• July 22, 2014: Room for Improvement in Elementary School Children's Lunches Packed at HomeExternal Web Site Policy
    Tufts University
    Open a child's lunch box and you're likely to find that the lunches and snacks inside fall short of federal guidelines. Those are the findings of a study by researchers at the Friedman School of Nutrition Science and Policy at Tufts University and in the Department of Public Health and Community Medicine at Tufts University School of Medicine, funded in part by NICHD.

  • July 21, 2014: Youth Programs Get More FundingExternal Web Site Policy
    Chicago Tribune 
    The White House highlighted research on youth violence by the University of Chicago, funded in part by NICHD, and pledged more funding for mentoring programs to help at-risk boys.

  • July 21, 2014: Parents Miss Signs Obese Children At Risk for Serious Health ProblemsExternal Web Site Policy
    Times of San Diego
    A majority of parents surveyed failed to recognize the health risks for their obese children, or to encourage their children to take action for healthy weight, according to a new study by the University of California, San Diego, School of Medicine, funded partly by NICHD.

  • July 21, 2014: Mothers of Children with Autism Benefit from Peer-Led InterventionExternal Web Site Policy
    Vanderbilt University News
    Peer-led interventions that target parental well-being can significantly reduce stress, depression and anxiety in mothers of children with disabilities, according to new findings, funded in part by NICHD, published in the journal Pediatrics.

  • July 21, 2014: Try Try Again? Study Says NoExternal Web Site Policy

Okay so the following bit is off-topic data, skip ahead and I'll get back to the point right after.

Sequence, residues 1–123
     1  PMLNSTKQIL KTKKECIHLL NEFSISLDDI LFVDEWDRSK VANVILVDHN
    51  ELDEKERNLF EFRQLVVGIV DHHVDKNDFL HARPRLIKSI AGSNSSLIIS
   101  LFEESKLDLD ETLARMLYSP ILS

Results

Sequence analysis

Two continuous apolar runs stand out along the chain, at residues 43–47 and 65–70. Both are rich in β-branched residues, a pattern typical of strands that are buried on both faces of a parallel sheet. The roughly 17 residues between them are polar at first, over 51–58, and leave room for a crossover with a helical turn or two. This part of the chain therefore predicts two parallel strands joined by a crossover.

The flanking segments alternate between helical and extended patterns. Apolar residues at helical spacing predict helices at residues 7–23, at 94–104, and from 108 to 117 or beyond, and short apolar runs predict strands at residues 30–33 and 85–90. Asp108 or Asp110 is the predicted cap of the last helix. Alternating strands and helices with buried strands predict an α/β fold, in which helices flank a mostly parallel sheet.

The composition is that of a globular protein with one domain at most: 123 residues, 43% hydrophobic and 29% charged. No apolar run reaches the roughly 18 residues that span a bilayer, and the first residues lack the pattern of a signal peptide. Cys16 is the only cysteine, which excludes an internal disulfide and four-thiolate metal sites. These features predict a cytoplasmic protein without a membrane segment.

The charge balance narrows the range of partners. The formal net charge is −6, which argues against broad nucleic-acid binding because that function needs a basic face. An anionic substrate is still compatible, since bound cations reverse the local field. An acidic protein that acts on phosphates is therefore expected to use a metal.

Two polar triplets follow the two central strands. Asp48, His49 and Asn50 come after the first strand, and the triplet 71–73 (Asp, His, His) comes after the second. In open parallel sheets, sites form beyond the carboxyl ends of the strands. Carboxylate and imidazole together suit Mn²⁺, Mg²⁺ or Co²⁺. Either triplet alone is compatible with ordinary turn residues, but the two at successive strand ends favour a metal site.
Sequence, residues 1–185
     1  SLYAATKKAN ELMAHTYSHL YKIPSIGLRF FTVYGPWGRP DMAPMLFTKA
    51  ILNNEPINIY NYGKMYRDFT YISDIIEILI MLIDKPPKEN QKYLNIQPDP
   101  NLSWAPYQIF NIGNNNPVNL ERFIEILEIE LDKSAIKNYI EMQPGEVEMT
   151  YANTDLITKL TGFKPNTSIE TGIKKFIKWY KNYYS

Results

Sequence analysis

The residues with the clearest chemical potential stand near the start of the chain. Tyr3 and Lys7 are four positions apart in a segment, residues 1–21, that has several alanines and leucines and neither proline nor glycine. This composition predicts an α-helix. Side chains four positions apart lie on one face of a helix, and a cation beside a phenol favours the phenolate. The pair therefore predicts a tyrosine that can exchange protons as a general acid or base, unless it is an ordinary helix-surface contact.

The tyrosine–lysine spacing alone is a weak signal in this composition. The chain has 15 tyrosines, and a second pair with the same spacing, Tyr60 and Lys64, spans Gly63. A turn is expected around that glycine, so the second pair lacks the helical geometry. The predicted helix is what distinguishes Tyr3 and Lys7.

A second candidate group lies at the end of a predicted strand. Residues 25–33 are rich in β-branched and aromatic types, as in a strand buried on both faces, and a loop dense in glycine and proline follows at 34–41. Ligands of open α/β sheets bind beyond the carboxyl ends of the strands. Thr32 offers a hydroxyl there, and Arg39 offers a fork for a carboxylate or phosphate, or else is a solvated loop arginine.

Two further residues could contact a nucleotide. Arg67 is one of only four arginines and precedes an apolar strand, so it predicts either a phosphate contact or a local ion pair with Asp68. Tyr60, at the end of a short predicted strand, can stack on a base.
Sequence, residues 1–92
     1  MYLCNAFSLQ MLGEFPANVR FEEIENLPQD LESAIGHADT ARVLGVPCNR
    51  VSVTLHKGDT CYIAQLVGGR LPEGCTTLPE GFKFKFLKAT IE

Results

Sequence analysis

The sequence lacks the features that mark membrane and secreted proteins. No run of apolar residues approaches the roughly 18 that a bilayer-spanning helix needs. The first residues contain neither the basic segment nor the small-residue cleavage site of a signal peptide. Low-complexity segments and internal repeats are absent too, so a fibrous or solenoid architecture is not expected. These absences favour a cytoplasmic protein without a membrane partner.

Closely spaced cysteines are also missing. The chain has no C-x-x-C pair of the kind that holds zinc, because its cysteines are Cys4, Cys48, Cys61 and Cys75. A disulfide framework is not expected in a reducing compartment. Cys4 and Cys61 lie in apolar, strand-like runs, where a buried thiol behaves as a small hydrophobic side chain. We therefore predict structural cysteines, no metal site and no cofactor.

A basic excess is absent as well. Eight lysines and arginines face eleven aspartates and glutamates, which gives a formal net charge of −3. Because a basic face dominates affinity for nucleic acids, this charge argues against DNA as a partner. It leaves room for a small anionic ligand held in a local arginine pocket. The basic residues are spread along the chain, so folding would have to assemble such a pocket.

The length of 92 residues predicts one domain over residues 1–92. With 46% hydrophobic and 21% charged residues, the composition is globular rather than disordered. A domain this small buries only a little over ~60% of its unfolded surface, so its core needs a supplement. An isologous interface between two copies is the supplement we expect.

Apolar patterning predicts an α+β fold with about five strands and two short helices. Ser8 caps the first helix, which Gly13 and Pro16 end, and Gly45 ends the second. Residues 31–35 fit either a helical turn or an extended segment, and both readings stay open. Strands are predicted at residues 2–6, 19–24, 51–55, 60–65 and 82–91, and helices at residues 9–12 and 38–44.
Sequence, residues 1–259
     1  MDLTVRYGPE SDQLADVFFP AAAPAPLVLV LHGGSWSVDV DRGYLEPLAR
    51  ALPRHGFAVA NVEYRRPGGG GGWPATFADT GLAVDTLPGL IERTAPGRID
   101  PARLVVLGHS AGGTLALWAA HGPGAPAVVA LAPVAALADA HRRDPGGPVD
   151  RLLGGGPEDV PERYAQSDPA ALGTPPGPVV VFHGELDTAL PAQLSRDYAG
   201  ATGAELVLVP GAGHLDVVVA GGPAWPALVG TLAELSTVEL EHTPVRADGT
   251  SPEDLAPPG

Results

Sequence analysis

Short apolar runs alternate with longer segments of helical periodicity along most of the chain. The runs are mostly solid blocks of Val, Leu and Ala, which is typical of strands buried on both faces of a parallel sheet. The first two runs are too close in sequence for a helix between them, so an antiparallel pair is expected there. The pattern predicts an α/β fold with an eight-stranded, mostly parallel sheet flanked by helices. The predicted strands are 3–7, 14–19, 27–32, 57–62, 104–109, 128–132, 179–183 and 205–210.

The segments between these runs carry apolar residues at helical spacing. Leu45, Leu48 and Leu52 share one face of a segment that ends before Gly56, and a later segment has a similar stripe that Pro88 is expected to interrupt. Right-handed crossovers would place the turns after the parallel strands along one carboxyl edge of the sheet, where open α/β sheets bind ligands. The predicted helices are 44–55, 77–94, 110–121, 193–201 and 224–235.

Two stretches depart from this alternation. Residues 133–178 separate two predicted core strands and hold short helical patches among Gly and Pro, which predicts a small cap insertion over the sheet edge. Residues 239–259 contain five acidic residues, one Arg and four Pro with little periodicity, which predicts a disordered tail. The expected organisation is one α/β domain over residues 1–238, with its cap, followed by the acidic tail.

Massachusetts Institute of Technology News
    Neuroscientists funded in part by the NICHD find that trying harder makes it more difficult to learn some aspects of language.

  • July 18, 2014: University of Cincinnati Studies Epileptic Moms-to-beExternal Web Site Policy
    Cincinnati Inquirer: What are the risks to children of epileptic moms and moms-to-be? That is the goal of a decade-long national study at 20 medical centers, including the University of Cincinnati, funded by NICHD and the National Institute of Neurological Disorders and Stroke.
  • July 17, 2014: Measuring Nurture: Study Shows How "Good Mothering" Hardwires Infant BrainExternal Web Site Policy
    New York University Langone Medical Center News
    By carefully watching nearly 100 hours of video showing mother rats protecting, warming, and feeding their young pups, and then matching up what they saw to real-time electrical readings from the pups' brains, researchers at New York University Langone Medical Center, funded by NICHD, found that the mother's presence and social interactions—her nurturing role—directly molds the early neural activity and growth of her offspring's' brain.